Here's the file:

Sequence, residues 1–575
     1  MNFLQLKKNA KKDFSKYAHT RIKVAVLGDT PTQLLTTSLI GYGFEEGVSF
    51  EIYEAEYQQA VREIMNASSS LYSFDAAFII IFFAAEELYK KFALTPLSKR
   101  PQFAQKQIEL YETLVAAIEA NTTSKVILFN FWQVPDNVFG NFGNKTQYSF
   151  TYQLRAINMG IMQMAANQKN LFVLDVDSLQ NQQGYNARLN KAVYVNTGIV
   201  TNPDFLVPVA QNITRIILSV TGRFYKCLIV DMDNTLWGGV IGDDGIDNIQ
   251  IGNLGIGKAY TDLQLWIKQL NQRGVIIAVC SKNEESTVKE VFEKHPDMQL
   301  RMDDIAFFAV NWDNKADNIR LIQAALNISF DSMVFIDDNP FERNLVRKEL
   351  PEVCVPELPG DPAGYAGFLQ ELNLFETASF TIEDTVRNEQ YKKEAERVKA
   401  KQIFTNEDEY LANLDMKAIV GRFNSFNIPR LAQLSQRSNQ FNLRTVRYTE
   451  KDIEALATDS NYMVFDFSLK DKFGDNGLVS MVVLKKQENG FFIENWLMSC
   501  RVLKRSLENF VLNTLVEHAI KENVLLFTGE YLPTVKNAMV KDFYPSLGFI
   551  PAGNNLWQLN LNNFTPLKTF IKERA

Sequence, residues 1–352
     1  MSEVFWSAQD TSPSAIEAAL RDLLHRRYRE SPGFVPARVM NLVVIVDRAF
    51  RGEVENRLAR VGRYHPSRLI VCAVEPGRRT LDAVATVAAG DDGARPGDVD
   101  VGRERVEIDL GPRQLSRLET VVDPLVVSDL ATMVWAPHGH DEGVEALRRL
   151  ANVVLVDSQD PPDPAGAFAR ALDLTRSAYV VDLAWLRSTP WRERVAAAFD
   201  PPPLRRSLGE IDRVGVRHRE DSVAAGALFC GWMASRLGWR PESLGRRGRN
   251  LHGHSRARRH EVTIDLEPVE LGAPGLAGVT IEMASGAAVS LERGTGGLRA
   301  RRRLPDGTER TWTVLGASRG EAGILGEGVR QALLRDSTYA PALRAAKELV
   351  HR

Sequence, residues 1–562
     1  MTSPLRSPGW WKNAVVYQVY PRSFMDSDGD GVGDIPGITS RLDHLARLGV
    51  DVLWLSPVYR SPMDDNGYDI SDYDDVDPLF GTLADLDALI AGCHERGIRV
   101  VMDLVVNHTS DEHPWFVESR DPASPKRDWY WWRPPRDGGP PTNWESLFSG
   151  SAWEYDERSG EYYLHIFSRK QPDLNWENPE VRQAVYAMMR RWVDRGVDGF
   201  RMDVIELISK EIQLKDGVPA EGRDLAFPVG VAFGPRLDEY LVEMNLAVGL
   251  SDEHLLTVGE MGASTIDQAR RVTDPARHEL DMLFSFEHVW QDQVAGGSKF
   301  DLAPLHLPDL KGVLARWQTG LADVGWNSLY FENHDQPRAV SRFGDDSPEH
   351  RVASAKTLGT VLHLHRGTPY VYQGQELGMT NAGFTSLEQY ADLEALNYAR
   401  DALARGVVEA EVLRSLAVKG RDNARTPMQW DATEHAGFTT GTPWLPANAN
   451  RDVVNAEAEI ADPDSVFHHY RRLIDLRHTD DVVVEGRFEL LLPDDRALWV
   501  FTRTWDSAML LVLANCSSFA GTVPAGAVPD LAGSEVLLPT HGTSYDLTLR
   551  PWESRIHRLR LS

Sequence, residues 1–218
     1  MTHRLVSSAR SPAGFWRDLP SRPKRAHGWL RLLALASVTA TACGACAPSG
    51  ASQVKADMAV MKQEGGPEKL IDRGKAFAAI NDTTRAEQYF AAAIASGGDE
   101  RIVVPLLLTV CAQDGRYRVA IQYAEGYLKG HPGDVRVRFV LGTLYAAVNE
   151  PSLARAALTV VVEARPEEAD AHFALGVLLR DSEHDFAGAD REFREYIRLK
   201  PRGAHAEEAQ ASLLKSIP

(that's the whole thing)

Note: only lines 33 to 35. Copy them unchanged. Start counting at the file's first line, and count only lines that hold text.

   451  RDVVNAEAEI ADPDSVFHHY RRLIDLRHTD DVVVEGRFEL LLPDDRALWV
   501  FTRTWDSAML LVLANCSSFA GTVPAGAVPD LAGSEVLLPT HGTSYDLTLR
   551  PWESRIHRLR LS